William Baziotes - Biography and Legacy
New York, New York, USA
Biography of William Baziotes
William Baziotes was born in 1912 to Greek parents in Pittsburgh, Pennsylvania. His family moved shortly thereafter to the working class city of Reading, Pennsylvania, where Baziotes spent his childhood. As a young adult, Baziotes worked at the Case Glass Company from 1931 to 1933, antiquing glass and doing other chores while taking an evening drawing class. It was in Reading that Baziotes met Byron Vazsakas, a poet who became a good friend and who introduced the painter to the work of Charles Baudelaire and the Symbolist poets, whose writing would have a significant impact on his work throughout his life. Vazsakas encouraged Baziotes to pursue art and Baziotes moved to New York City to study painting in 1933.
Baziotes attended the National Academy of Design in New York City from 1933 until 1936 and also studied the work of the Old Masters during this period. He taught in Queens for the Works Progress Administration of the Federal Art Project from 1936 to 1938 and then worked on the WPA Easel Project from 1938 through 1941, where he was paid to stay in his studio and make art. It was in these various jobs that he was introduced to artists working in the Surrealist idiom, many of them European immigrants. He met the Chilean Surrealist painter Roberto Matta who was a proponent of automatic painting and who exerted a large influence on Baziotes. Robert Motherwell, whom he also met during this period, became a close friend. Baziotes married Ethel Copstein in 1941, and they lived in Morningside Heights, New York. One of Baziotes's early group shows was the First Papers of Surrealism exhibition in New York in 1942.
The Surrealist interest in the psychic and subconscious dimension manifested itself in the odd, lyrical forms that populate Baziotes's paintings, with the Spanish painter Joan Miró being a particular inspiration. Many other New York painters in addition to Baziotes, including Adolph Gottlieb, Clyfford Still, and Mark Rothko also turned to what they deemed primitive or mythological forms in an attempt to get at a more universal significance.
Baziotes was a major figure in the galleries, schools, and clubs that constituted the social world of Abstract Expressionism. He had his first solo show at Peggy Guggenheim's Art of This Century Gallery in 1944 and a second one in 1946 at the Samuel Kootz Gallery. Even more important than the galleries were the schools and clubs that the Abstract Expressionists founded and attended. Some of these were quite informal, like the regular discussions that took place at the Cedar Street Tavern on Eighth Street in Greenwich Village. Others were more purposeful. In 1948, Baziotes, along with David Hare, Robert Motherwell, and Mark Rothko, founded the Subjects of the Artist School, a group that, among other things, provided a speakers' forum where American and European artists could address topics of interest for the modern painter.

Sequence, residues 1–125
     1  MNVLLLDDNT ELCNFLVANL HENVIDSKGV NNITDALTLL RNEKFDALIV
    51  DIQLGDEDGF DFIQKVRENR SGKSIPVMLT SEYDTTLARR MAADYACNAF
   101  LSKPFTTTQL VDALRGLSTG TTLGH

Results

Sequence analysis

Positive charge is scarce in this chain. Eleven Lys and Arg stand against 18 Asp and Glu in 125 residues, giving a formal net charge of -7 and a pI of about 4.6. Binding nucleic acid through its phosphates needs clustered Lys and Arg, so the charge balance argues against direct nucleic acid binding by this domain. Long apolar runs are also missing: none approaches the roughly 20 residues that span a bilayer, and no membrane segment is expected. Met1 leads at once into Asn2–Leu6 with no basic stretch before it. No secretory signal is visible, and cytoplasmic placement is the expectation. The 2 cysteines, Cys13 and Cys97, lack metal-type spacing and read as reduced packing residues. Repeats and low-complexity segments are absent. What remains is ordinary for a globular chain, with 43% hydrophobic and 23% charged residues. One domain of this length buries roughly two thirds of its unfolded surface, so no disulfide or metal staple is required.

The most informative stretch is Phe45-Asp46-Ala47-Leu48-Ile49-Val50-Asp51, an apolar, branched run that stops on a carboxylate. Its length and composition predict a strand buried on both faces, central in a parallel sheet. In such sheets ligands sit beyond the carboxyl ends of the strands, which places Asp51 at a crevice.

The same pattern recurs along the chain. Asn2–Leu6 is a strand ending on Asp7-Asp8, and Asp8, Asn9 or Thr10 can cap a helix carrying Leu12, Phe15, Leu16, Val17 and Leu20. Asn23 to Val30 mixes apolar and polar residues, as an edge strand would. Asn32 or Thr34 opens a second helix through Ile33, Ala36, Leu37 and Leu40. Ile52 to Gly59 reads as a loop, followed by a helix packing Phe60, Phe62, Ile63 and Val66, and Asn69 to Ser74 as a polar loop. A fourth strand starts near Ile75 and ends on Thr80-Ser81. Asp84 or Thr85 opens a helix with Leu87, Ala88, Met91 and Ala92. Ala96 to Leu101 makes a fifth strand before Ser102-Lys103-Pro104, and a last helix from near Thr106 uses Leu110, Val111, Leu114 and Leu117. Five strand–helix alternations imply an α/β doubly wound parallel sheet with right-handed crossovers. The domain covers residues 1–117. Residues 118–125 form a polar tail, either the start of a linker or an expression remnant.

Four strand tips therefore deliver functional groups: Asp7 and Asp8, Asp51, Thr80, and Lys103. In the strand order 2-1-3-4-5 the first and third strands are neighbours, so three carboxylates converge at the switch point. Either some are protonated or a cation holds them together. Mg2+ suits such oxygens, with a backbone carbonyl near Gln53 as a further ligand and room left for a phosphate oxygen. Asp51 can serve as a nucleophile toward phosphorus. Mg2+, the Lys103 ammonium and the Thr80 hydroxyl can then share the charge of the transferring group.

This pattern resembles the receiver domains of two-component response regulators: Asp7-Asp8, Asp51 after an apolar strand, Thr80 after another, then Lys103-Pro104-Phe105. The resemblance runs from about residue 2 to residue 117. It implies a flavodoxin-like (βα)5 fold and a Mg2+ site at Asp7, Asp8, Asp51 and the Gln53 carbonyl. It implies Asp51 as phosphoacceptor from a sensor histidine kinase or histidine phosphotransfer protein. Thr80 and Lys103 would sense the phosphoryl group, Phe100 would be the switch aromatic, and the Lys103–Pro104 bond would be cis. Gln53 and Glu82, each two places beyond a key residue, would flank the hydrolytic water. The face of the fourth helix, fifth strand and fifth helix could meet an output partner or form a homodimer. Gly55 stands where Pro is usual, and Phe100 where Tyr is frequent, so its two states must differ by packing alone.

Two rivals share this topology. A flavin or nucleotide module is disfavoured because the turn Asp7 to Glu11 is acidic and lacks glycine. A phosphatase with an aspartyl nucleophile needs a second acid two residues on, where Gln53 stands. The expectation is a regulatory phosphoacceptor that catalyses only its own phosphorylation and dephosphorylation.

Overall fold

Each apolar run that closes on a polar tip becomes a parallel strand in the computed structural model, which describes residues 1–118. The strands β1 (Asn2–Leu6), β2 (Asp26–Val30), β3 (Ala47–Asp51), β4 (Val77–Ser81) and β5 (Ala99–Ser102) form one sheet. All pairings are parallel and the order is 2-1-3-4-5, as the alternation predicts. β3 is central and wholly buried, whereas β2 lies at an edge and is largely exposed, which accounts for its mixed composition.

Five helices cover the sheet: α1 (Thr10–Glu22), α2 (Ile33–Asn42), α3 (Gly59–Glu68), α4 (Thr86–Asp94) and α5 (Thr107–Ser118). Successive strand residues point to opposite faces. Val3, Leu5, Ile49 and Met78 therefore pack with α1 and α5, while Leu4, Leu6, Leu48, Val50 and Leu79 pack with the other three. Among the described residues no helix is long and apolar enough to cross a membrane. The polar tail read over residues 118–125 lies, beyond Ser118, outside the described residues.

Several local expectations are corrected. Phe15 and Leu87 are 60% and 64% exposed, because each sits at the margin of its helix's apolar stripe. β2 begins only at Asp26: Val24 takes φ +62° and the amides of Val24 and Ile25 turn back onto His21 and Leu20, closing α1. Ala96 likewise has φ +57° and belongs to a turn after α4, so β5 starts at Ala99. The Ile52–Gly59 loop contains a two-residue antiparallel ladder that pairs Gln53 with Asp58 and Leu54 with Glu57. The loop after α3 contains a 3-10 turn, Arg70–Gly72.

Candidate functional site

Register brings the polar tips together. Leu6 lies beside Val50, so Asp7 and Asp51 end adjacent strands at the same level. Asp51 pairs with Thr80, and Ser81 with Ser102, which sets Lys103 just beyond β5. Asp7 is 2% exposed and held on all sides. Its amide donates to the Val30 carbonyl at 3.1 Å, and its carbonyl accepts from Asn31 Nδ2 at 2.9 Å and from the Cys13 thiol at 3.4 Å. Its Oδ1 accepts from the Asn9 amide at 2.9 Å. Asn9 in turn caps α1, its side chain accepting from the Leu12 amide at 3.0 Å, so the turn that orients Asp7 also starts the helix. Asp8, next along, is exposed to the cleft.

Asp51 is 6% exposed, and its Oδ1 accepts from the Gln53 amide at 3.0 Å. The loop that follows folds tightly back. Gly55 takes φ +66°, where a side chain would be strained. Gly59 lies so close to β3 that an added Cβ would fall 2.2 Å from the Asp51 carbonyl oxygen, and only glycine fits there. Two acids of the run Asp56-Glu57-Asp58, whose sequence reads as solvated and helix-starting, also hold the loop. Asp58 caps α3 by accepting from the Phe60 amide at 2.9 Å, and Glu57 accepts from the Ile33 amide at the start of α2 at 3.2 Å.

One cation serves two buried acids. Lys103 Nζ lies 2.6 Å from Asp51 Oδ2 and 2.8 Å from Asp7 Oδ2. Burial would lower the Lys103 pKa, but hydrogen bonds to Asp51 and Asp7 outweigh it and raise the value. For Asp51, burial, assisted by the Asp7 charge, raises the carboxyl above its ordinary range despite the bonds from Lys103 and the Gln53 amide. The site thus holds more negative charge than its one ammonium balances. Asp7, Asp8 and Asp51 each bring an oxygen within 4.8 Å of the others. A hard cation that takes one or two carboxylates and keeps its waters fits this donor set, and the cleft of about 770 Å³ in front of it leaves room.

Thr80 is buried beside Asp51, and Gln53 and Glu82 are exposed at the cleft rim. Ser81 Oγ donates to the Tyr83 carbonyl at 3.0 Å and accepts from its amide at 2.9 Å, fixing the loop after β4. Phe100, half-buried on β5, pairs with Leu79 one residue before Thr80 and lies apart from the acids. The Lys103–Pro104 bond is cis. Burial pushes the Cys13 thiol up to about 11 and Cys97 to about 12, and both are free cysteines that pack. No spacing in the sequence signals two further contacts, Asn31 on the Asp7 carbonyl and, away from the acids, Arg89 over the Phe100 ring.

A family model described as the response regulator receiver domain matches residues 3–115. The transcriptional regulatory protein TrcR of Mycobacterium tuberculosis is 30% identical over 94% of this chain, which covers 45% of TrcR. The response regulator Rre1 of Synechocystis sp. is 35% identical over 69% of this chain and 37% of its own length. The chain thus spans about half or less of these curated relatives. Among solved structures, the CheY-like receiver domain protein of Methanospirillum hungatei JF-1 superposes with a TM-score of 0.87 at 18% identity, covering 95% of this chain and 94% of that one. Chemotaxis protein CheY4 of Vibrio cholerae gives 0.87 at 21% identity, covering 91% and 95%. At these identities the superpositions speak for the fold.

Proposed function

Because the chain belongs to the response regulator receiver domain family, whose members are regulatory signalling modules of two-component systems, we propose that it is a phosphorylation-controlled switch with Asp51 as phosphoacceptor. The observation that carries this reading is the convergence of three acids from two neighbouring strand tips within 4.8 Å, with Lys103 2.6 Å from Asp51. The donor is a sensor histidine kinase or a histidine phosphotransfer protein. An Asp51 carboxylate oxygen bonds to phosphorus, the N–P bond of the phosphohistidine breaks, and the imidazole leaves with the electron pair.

Late Years and Death
Unlike Rothko and Still, who moved away from mythic symbols and allusions to more purely abstract work, Baziotes's paintings maintained a Surrealist and figurative quality.
Baziotes worked throughout the 1950s as a teaching artist at the Brooklyn Museum Art School, New York University, the People's Art Center at the Museum of Modern Art, and the City University of New York, Hunter College. In 1962, he was included in Sydney Janis's important exhibition Ten American Painters. Baziotes died of lung cancer in 1963.
The Legacy of William Baziotes
While stylistically Baziotes remained somewhat apart from the main Abstract Expressionists, he exerted a tremendous and shaping influence on many painters at the time. He was one of the first New York artists to actively experiment with automatic drawing and other Surrealist techniques, and he created forums for debate that were central to the New York scene in the 1940s.